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Anal Chem. 2017 Feb 21;89(4):2181-2185. doi: 10.1021/acs.analchem.6b04709. Epub 2017 Jan 30.

DNA Duplex Engineering for Enantioselective Fluorescent Sensor.

Author information

1
Institute of Physical Chemistry, Zhejiang Normal University , Jinhua 321004, Zhejiang, China.
2
School of Chemistry and Molecular Engineering, East China Normal University , Shanghai 200241, China.

Abstract

The rapid identification of biomacromolecule structure that has a specific association with chiral enantiomers especially from natural sources will be helpful in developing enantioselective sensor and in speeding up drug exploitation. Herein, owing to its existence also in living cells, apurinic/apyrimidinic site (AP site) was first engineered into ds-DNA duplex to explore its competence in enantiomer selectivity. An AP site-specific fluorophore was utilized as an enantioselective discrimination probe to develop a straightforward chiral sensor using natural tetrahydropalmatine (L- and D-THP) as enantiomer representatives. We found that only L-THP can efficiently replace the prebound fluorophore to cause a significant fluorescence increase due to its specific binding with the AP site (two orders magnitude higher in affinity than binding with D-THP). The AP site binding specificity of L-THP over D-THP was assessed via intrinsic fluorescence, isothermal titration calorimetry, and DNA stability. The enantioselective performance can be easily tuned by the sequences near the AP site and the number of AP sites. A single AP site provides a perfect binding pocket to differentiate the chiral atom-induced structure discrepancy. We expect that our work will inspire interest in engineering local structures into a ds-DNA duplex for developing novel enantioselective sensors.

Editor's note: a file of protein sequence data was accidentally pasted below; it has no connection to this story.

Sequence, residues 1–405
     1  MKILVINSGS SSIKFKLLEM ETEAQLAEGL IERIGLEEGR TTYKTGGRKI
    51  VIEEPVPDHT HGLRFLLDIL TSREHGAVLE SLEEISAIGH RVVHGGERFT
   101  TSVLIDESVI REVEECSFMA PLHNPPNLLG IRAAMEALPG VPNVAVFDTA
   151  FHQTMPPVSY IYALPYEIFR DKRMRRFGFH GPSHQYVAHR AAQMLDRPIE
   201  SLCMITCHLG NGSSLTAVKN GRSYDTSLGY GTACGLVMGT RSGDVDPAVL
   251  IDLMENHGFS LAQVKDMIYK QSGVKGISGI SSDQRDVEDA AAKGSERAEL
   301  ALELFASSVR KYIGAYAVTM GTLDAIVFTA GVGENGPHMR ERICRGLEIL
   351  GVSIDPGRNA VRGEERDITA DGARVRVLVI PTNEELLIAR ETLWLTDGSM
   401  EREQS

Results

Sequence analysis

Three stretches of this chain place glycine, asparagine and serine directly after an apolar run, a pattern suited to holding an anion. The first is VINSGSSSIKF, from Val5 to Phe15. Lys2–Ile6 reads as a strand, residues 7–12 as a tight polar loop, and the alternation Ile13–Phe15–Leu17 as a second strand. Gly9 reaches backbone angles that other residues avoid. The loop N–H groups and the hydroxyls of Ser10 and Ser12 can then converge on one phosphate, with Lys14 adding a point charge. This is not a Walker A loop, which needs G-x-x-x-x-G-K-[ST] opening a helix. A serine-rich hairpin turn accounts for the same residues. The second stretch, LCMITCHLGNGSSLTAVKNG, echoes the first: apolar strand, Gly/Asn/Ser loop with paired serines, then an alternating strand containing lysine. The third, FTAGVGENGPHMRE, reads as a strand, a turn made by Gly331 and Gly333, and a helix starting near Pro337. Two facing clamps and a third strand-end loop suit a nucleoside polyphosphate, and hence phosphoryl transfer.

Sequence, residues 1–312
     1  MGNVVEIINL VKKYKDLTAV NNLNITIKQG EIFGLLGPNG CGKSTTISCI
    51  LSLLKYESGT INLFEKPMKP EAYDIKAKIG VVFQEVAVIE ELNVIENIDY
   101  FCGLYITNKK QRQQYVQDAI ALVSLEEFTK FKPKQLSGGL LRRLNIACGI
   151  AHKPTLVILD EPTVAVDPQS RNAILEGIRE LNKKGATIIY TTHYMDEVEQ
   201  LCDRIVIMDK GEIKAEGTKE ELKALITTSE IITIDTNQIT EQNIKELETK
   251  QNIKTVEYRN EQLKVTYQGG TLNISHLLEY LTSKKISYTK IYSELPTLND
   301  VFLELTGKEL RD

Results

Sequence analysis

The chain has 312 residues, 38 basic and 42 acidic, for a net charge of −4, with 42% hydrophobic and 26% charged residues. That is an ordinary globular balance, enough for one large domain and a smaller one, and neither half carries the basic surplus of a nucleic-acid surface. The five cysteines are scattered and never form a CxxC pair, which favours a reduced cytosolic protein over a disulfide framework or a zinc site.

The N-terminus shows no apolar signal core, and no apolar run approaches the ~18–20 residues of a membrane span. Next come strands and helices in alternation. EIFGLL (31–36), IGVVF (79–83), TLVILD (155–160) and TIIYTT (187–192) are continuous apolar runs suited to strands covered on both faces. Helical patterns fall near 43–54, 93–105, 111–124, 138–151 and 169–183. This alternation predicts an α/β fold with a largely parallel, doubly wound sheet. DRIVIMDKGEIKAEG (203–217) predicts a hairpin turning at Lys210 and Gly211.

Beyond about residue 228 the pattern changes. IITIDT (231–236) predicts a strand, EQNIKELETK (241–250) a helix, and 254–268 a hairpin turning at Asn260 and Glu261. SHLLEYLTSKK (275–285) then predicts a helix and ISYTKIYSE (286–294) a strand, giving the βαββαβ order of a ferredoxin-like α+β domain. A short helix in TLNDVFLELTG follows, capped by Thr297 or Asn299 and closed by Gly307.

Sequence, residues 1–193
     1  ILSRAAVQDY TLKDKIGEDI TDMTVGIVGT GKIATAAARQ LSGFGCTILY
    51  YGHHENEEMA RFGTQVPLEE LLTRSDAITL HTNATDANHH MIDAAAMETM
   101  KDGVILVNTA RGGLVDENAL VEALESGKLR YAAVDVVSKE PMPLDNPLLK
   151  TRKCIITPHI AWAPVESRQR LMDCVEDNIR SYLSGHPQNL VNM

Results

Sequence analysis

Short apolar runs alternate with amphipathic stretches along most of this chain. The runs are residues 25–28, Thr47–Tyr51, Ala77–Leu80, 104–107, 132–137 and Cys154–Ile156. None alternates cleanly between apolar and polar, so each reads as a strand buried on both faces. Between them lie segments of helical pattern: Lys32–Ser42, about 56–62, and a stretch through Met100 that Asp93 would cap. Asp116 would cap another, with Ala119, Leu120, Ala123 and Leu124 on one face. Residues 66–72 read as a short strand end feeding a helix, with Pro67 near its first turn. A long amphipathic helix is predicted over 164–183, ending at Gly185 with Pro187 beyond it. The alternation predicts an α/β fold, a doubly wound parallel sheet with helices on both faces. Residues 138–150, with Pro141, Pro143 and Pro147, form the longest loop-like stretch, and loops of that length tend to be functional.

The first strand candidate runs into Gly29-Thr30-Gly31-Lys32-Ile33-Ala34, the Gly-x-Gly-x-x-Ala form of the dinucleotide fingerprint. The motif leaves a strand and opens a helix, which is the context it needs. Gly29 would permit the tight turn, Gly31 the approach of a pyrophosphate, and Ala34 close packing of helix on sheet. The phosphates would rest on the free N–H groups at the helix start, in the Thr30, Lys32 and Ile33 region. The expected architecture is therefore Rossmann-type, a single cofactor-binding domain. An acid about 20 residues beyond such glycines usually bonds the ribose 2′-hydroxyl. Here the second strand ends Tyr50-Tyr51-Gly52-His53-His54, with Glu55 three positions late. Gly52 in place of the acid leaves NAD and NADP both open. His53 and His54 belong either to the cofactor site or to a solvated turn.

PMID:
28194940
DOI:
10.1021/acs.analchem.6b04709
[Indexed for MEDLINE]

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